Alumni Events

God, Break My Heart for What Breaks Yours

Anna Montgomery June 06, 2016
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TeenPact Leadership Schools, in conjunction with the Jimmy Brazell Foundation, presented the Fifth Annual Jimmy Brazell Impact Scholarship Second Place Award to TeenPact student Shelby Stone from Arkansas.


Read her award-winning essay below, written in response to the topic question, “How have you impacted the world or your community through servant-minded, Christ-like love?”



Haiden enters the world and is off to a bad start. He has already experienced the consequences of drugs for nine months in utero. He has five older siblings, two of whom are adopted, two of whom are living with extended relatives, and one who is being led away by the hand of an officer.


Lane is angry. His bright, two-year-old brain cannot comprehend why he is unable to see his father. Every night, Lane cries for hours, calling out for his daddy, but his daddy doesn’t come.


Haley is a two-year-old girl living with her single mother and suffering from neglect. She doesn’t know her father, only the boyfriends that her mom occasionally brings home. She has multiple half siblings and one full brother: Gabe, age three. Their grandmother soon kidnaps Haley and Gabe, but after her arrest for a drug conviction, they find themselves in the custody of the state.


Rachel is a young, unmarried woman without a job or a home who suffers from drug addiction. On top of it all, she’s pregnant. Rachel has no one to drive her to the hospital on the night she is to give birth, and as a result, she has a wreck on the way. She loses her car, her driver’s license, and her baby, who tests positive for meth at birth.


Four years ago, my family began the extensive process of becoming a foster family. This process required numerous tiring hours of training, multiple background checks, thorough home preparation, and ample health examinations and vaccinations. However, as soon as the first children arrived at our home, I could finally see the worth in it all. Since that time, we’ve had nineteen children enter our home, and right now, all but two have left. Nineteen is just a number, but it’s a number that represents nineteen lives that God cares about, all created in His image (Genesis 1:27). He knew them before they were even formed in the womb (Jeremiah 1:5), and has the very hairs on their heads numbered (Luke 12:7).


“How do you deal with foster care? I’d get too attached to the kids.” I hear this question often. My answer is that I’m called to love these children. Although I’m sad when they leave, I’m comforted by the knowledge that I’ve shown them the love of Christ even in the short time I have had with them. I know that demonstrating such love can make all the difference in their precious lives. As William J. Toms once put it, “Be careful how you live. You may be the only Bible some person ever reads.” I’ve learned that showing Christ’s love isn’t always easy, and it isn’t always fun, but it is always necessary. As Paul said to the Corinthian church, “If I give all I possess to the poor and give over my body to hardship that I may boast, but do not have love, I gain nothing,” (1 Corinthians 13:3, NIV). Building walls around our hearts to prevent disappointment and heartbreak is not only selfish but also disobedient to Christ’s command for us to demonstrate love, patience, and kindness.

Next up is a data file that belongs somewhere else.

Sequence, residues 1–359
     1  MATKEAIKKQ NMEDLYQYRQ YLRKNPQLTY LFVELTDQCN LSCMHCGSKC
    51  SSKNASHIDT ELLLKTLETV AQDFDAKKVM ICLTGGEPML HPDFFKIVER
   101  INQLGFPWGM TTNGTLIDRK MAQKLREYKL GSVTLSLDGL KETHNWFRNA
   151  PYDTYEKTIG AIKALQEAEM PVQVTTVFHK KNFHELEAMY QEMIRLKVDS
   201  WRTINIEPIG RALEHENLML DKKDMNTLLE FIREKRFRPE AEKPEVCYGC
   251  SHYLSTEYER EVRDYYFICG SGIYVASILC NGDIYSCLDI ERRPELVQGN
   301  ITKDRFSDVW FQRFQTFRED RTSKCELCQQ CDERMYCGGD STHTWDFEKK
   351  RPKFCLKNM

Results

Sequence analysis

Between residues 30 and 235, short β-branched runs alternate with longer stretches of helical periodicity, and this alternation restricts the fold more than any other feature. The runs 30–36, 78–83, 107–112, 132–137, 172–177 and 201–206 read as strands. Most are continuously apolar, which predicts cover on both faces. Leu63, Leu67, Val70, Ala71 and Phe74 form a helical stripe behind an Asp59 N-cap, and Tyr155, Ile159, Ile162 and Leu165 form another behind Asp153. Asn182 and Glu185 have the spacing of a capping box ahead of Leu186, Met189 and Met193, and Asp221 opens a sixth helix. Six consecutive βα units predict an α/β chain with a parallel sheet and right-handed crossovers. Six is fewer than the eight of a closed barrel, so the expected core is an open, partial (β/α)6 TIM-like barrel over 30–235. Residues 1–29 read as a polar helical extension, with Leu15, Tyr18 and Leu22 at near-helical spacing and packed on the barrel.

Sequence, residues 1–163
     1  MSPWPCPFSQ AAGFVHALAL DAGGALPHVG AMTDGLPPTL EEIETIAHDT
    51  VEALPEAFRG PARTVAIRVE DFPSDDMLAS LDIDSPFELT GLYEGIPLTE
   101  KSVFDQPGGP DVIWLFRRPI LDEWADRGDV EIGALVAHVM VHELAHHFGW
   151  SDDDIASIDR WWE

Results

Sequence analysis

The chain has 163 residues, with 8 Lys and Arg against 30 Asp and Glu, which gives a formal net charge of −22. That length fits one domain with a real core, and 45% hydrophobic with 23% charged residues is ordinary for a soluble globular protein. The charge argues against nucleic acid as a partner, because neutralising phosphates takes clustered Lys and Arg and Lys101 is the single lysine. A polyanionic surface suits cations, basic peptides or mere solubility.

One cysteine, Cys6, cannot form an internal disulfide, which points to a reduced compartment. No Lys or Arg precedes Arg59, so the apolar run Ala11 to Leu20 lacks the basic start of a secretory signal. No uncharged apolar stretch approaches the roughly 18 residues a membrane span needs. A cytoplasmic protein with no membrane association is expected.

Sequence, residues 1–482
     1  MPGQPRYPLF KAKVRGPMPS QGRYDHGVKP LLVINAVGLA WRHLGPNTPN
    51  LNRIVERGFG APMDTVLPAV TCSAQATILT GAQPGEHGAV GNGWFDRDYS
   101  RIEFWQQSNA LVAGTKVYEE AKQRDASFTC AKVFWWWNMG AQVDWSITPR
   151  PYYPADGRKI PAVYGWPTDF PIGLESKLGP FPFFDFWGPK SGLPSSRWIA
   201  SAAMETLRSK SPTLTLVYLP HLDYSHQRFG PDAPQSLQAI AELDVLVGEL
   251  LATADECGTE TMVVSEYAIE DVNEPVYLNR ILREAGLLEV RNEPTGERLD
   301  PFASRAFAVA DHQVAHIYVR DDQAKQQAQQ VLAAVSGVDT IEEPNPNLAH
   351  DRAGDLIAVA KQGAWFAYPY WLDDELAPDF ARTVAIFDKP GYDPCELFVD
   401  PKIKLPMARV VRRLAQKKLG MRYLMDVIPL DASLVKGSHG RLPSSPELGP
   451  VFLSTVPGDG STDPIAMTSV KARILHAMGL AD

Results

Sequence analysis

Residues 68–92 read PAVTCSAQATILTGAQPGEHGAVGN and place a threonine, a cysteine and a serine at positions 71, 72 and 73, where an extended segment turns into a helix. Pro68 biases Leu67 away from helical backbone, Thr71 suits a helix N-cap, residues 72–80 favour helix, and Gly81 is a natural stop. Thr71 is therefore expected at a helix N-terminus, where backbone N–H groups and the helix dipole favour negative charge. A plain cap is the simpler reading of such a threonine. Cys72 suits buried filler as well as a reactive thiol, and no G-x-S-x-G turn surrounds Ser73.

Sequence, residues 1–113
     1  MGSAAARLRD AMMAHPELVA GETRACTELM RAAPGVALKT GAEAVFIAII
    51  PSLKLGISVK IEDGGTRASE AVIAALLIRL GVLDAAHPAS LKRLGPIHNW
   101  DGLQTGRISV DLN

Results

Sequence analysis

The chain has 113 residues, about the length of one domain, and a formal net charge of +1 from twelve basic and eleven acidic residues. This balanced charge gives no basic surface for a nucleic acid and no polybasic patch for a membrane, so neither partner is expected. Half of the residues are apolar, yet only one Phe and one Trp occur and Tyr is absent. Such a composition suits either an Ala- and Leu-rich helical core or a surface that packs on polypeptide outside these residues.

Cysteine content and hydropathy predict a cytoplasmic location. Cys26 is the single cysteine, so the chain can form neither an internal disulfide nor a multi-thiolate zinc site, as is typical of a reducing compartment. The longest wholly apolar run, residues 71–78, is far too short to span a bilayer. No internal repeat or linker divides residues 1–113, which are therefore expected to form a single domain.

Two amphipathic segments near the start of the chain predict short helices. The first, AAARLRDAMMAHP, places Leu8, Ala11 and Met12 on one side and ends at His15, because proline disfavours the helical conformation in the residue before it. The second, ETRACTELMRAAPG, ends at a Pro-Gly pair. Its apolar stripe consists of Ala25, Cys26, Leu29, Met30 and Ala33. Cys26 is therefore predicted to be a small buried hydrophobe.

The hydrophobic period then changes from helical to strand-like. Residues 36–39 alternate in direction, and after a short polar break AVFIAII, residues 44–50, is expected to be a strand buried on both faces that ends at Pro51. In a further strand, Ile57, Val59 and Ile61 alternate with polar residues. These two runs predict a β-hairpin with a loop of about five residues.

Through this experience, I have learned that my life isn’t meant to be about me, but about glorifying my Father, for “whatever you did for one of the least of these brothers of mine, you did for me.” I’ve learned that to break the cycle of drugs, abuse, and bad choices we must begin by showing Christ’s love to the least of these: a future generation of mommies, daddies, and leaders. I’ve learned that when I give as much as I can away, I gain even more. I gain when I see the first smile of a baby, and I gain when a biological parent hugs my neck, thankful for the love – Christ’s love – that I share with her children.


Today, Haiden is four months old. He is chubby with a head full of black hair. By the grace of God, he suffers no health issues or delays.


For months, Lane talked about someday living with his “new family”. Recently, Lane and his older sister went to live with their adoptive “forever” family.


Haley, now happy and mischievous, is in kindergarten. She enjoys eating sweets and playing sports. A family in our church adopted Haley and her brother.


Rachel just celebrated her one-year drug-free anniversary. She now has a job, a car, and a driver’s license. She lives in an apartment with her healthy, one-year-old son, Daylen, and attends church with my family and me.


Nineteen is just a number, but it represents the children I have been privileged to love and nurture, those to whom I’ve read bedtime stories, eaten ice cream with, taught to ride bikes, and most importantly, those with whom I’ve shared Christ’s love. I asked for heartbreak – for God to break my heart for what breaks His. In the search for wisdom and knowledge, the quest for our true Love, we find pain, imperfection, and wickedness. “For with much wisdom comes much sorrow, the more knowledge, the more grief (Ecclesiastes 1:18, NIV),” but this shouldn’t discourage us. The more we observe, the wider our eyes our are opened to see the evil of this world. The more we learn to hate and fear sin, the more driven we are to seek God’s heart and love above all else. So we pour out love to the hurting, we pour out to the poor, we pour out to the helpless and the least of these, and God gives strength through pain, just as He gives us strength to love.



About the Author

Anna Montgomery

Anna Montgomery (and her crazy sidekick pup, Flynn), happily call the cornfields of Columbus, Indiana home.   She got her start in TeenPact… Read More